This thread came to mind when watching MBFGW on Channel 4 the other day. If it's to be believed - and I think I believe it - the majority of travellers' children don't attend school AT ALL past the age of 11 or so, or, at best pop in when they feel like it - say, a few days a month. Now, I don't know for sure, what, if anything, the authorities are doing about this, but, for example, one child was shown receiving one hour a week's home tutoring (as opposed to home education as most people understand it) with a local authority tutor, and viewers were told that this risible time meant her parents weren't prosecuted (or words to that effect).

Meanwhile, if your child attends school day in day out for years, and, one year you have the temerity to take them out in term time for a week for an otherwise unaffordable and rare family holiday, you will be castigated and fined.

Talk about double bloody standards. The vast majority of people taking term time out are NOT truanting, yet have been thrown into the same category (by some) as parents who don't give a damn, don't see their kids into school, don't care if their kids are roaming the streets etc. They value their children's education, but they also value decent time spent together as a family - and that's becoming an increasingly rare commodity for many families, with both parents working long hours and/or opposite shifts to make ends meet (notwithstanding the extra restrictions on leave faced by those in particular jobs with little or no flexibility). I really do wonder what's really behind this plan ? ...... dressing it up as concern for children's education is, I feel, completely disingenuous as the majority of the children concerned achieve as they should do. I personally feel it's yet another money making scheme, and can't shake the feeling that there's some sort of underlying snobbery involved - how very dare the hoi polloi want a holiday ........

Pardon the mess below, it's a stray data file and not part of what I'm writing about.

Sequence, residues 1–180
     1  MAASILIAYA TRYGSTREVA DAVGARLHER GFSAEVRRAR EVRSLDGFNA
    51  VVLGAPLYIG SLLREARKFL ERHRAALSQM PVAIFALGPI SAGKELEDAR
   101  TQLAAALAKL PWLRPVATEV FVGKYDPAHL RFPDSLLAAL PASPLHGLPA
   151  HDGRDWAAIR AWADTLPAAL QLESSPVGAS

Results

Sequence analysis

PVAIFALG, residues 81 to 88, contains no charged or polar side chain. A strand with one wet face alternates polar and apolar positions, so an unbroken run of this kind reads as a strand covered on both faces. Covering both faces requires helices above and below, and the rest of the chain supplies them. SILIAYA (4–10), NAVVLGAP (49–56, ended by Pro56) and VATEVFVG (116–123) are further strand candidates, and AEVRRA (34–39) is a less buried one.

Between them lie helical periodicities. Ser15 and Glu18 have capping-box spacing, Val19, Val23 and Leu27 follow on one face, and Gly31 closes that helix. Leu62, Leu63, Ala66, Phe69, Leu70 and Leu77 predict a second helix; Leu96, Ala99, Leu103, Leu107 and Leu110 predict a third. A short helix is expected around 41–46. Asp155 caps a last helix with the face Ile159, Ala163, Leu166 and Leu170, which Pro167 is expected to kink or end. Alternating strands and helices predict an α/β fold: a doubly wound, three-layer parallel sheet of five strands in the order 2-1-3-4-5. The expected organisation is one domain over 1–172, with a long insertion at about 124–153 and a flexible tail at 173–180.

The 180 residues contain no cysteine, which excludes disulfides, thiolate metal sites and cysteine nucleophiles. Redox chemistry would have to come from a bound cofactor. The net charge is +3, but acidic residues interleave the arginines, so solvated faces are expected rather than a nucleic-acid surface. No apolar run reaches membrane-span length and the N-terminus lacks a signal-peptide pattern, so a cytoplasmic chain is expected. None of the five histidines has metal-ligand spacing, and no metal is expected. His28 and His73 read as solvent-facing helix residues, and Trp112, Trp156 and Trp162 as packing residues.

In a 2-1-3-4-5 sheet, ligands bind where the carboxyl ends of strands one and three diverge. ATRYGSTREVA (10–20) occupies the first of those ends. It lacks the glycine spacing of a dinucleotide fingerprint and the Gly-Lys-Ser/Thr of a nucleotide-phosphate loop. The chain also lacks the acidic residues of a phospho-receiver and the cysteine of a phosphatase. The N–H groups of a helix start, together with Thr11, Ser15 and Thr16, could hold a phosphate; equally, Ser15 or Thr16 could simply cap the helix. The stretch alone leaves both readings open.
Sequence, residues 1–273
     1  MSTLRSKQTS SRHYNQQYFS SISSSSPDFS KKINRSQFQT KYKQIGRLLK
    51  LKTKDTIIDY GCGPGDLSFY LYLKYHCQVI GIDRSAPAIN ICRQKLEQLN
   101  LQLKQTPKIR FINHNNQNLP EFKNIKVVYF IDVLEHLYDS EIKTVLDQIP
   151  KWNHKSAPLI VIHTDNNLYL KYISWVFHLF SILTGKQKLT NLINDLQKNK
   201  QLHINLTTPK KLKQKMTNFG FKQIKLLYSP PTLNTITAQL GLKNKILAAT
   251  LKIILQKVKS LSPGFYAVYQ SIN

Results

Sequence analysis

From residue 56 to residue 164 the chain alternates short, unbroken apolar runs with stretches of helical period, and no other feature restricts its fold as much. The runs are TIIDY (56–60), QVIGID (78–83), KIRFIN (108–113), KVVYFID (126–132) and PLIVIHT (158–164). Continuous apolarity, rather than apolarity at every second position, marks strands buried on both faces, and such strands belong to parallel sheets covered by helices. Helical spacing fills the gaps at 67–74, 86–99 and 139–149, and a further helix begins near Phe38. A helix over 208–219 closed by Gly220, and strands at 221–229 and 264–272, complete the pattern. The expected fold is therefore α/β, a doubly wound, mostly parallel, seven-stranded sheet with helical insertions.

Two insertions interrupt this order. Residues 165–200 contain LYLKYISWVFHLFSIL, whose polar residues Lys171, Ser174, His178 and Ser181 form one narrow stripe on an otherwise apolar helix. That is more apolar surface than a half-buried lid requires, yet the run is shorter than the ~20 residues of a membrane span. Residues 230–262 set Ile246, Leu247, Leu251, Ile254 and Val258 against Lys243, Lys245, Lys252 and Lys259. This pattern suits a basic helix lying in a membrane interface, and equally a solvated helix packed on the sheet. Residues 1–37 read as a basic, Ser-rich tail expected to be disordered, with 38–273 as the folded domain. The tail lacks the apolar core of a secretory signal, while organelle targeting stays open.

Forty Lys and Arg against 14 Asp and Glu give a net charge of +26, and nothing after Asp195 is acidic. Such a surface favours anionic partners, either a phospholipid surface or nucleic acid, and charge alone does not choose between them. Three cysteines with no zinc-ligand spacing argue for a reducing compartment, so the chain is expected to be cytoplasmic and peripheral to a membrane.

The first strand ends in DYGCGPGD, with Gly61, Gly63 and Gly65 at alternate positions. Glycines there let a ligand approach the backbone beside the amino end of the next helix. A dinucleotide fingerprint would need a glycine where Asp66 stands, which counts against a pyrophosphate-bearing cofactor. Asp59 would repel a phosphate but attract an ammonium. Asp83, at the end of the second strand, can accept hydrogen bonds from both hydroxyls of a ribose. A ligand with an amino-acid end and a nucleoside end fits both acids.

Mirage Wed 29-Feb-12 14:26:56

Well,I'm booking a day to take my dds to the theatre.I might as well do it now while I can.

Iloveautumn Wed 29-Feb-12 10:01:43

Education is important but quality family time is important too.

The State should be supportive of families spending quality time together on holiday and should enable this as much as possible. If it does nothing about making holidays affordable during school holidays then it should be supportive of parents taking children out of school.